The Criminal Code requires the Crown, where it seeks to enter a certificate of analyses of breath samples as evidence at trial, to prove that a copy of the certificate was given to the accused along with notice of the Crown’s intention to rely upon the analyses: Criminal Code, s. 258(7).
Until this decision, R v Redford, 2014 ABCA 336, there were conflicting lines of authority in Alberta as to whether proof of service of the certificate of analyses and the notice of intention to tender that certificate at trial was required to be proven on a balance of probabilities or beyond a reasonable doubt. The three member panel divided on this issue in Redford, delivering majority and minority reasons for judgment reserved.
The majority decision was written by Justice Paperny, who held that the Crown’s obligation is to prove service of the certificate and notice beyond a balance of probabilities, and not on the more onerous standard of beyond a reasonable doubt. Justice Paperny reasoned as follows:
- In general, though the ultimate burden of the Crown is to prove each of the essential elements of an offence and the guilt of the accused beyond a reasonable doubt, the individual pieces of evidence tendered in support of the Crown’s case are to be proven on the balance of probabilities standard.
- Questions of admissibility have also generally been found to be assessed on the lower evidentiary standard.
- Even very incriminating types of evidence which the Crown wishes to tender have been found to be required to be proven to the balance of probabilities standard, such as proof of incriminating post-offence conduct and of similar fact evidence.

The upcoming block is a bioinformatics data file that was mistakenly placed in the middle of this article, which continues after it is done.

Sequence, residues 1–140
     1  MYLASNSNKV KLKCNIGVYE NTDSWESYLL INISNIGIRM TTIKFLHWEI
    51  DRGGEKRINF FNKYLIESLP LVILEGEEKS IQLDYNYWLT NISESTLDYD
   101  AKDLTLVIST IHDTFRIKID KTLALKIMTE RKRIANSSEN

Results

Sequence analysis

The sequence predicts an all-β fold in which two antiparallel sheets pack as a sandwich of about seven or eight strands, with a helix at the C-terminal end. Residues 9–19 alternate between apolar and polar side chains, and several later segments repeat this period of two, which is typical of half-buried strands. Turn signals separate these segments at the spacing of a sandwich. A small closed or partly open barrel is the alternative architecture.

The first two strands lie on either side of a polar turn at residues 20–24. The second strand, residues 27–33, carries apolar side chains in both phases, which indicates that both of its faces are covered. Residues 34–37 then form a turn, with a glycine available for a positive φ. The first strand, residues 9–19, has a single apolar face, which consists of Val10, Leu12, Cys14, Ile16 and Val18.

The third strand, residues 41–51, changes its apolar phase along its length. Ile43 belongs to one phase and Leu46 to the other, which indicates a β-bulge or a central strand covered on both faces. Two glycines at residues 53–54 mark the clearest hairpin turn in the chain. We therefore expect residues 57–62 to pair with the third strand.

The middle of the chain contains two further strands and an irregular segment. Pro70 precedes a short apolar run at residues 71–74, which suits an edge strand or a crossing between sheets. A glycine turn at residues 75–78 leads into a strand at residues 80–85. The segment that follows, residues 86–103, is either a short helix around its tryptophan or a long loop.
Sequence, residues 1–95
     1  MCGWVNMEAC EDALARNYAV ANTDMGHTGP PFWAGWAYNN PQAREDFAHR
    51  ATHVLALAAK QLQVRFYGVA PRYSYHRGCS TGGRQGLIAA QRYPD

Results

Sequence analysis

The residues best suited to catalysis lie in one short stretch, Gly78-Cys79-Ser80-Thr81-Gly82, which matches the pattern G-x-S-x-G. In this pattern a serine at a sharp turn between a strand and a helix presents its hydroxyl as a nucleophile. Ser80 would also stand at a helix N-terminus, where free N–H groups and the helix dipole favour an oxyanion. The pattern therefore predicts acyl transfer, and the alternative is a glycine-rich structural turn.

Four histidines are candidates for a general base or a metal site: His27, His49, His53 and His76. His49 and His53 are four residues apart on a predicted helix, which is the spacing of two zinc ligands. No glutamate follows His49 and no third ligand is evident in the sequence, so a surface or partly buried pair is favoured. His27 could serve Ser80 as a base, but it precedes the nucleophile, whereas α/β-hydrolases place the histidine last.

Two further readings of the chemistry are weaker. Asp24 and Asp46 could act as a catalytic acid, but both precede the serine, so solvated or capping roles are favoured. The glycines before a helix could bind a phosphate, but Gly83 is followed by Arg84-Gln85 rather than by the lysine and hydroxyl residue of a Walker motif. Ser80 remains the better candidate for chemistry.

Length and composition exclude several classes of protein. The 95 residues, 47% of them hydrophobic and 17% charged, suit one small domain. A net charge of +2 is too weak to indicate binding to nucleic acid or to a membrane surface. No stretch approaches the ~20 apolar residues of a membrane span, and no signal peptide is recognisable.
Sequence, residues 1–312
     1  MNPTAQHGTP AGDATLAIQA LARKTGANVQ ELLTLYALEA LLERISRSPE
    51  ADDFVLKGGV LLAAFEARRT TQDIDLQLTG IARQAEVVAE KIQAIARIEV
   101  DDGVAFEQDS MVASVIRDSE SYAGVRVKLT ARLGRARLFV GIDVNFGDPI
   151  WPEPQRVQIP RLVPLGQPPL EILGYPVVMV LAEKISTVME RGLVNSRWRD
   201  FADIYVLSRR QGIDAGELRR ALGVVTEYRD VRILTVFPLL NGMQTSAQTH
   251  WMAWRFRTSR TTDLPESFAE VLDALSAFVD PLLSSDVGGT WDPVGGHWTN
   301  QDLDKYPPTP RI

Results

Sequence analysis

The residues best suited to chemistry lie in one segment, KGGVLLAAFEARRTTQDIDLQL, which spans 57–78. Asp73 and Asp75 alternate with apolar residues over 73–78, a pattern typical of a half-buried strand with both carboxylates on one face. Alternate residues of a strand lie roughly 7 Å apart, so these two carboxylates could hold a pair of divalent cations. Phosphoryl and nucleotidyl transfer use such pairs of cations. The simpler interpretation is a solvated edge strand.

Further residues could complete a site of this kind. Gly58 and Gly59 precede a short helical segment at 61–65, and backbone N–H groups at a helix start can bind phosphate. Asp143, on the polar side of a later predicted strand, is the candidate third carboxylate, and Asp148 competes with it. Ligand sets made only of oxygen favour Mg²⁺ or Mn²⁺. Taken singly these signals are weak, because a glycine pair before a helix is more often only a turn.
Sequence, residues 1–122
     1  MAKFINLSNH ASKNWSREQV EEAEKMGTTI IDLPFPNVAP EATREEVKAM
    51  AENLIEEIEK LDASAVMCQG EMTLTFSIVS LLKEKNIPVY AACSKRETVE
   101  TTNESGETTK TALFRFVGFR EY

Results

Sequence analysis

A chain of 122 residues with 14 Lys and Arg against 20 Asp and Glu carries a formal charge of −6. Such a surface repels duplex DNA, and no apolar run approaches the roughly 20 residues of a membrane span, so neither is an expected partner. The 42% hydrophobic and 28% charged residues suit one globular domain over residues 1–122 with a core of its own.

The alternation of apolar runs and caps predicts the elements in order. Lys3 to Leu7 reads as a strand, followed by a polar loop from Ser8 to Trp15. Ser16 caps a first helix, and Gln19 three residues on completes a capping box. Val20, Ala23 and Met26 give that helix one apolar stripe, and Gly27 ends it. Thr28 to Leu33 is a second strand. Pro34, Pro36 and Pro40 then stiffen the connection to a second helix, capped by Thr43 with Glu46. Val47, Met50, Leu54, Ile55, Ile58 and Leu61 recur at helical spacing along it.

- While there are some types of evidence that the Crown must prove beyond a reasonable doubt, specific policy reasons for each of these exceptions exist, and are not present with respect to this procedural obligation to serve a document and notice on the accused.
Though not explicitly raised in the appeal, Justice Paperny also noted that, in Her Ladyship’s view, the trial judge had erred in finding that service had not be proven beyond a reas0nable doubt. It was clear that the accused had, in fact, been given a copy of the certificate of analyses and that the certificate had been explained to the accused. Because the accused when then lodged into custody on unrelated matters, the certificate and notice had then been taken away from the accused and placed with his property. There was no evidence as to whether it was returned to the accused after his release from custody. Justice Paperny concluded that it was not necessary that the accused continue to have control and possession of the certificate and notice after service. Rather, the requirements of section 258(7) were met once the accused had been given the certificate and notice of the Crown’s intention to rely upon the certificate.
In dissent, Justice Hillier argued that where an accused is held in custody, the Crown must establish that the notice of intention and certificate were retained by the accused after his or her release from custody.